Climate Emergency six-month progress report

9:04am - 13 January 2021

At yesterday's meeting of Full Council, North Somerset Councillors considered a Climate Emergency six-month progress report.

North Somerset Council declared a Climate Emergency in February 2019 and part of that motion included reporting to Council every six months on progress. In November 2019, the council published the Climate Emergency Strategy and Action Plan and in February last year, the Corporate Plan 2020-24 choosing the term 'greener' as one of three key themes. This means that the council will include climate change as a deciding factor in all policy and strategy decisions going forward.

While area-wide emissions can only be reported annually when national data becomes available, some council emission figures are reported more regularly.

Cllr Bridget Petty, North Somerset Council's executive member whose portfolio includes climate emergency, said: "We have produced a comparison of council emissions for April-September 2019 and 2020 to reflect the drastic changes to the way we are now working. This comparison included emissions for energy consumption in buildings (includes some schools) and streetlighting; business travel and commuting. It shows a dramatic decrease of 29 per cent, meaning a reduction of over 1,000 tonnes of CO2."

The council's Climate Emergency Action Plan says that the council needs to take a leadership role across the area to encourage, support and enable others to reduce carbon emissions. 

"One of the ways we're meeting this challenge is by bringing Carbon Literacy training to members and officers across the council, ensuring that everyone is aware of the risks and opportunities of climate change in their day to day activities. This began with a day of training facilitated by the Centre for Sustainable Energy for councillors and senior officers in October. This was the first course of its type to be run in the country and has now been adopted by the Carbon Literacy Project for use with other councils.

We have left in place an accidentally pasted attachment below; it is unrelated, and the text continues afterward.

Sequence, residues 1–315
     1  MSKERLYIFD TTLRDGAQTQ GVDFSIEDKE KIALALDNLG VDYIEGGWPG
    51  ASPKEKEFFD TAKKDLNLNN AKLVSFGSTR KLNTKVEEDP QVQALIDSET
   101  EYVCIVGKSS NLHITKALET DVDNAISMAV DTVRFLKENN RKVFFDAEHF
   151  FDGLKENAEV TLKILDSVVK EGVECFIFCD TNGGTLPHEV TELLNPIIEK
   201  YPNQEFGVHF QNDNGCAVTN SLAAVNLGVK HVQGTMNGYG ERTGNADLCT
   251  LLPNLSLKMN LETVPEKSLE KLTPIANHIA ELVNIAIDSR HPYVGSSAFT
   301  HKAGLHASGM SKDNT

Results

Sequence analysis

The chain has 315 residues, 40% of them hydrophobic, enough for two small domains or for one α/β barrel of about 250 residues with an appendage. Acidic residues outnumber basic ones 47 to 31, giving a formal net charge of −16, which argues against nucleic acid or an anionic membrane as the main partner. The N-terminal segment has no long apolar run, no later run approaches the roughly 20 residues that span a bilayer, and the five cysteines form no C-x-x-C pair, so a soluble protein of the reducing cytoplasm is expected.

"And I'm very pleased that last month in another first for councils in the South West we were awarded the Carbon Literacy Bronze Award which is a visible ‘badge’ that shows we are both committed to Carbon Literacy and serious about establishing and maintaining a low carbon culture," added Cllr Petty.

"While there is a long way to go to becoming a carbon neutral organisation and area by 2030 we are taking positive steps towards that aim," said Cllr Petty. "Our new Economic Plan responds to the challenges we know North Somerset businesses are facing as a result of Covid-19. The plan sets out commitments to help us build a green, digital, people-centred recovery. It is also an opportunity to promote our visitor economy as a low-carbon alternative to travelling abroad. Focusing on low carbon investment such as retrofitting buildings and community renewable energy can maximise the environmental benefits of energy efficiency schemes while also ensuring local people have the right skills to make the most of job opportunities.

"The climate emergency is real and with these and other initiatives we are really beginning to join up our everyday work with keeping the climate emergency at the front of everyone's minds."

The report councillors considered can be found at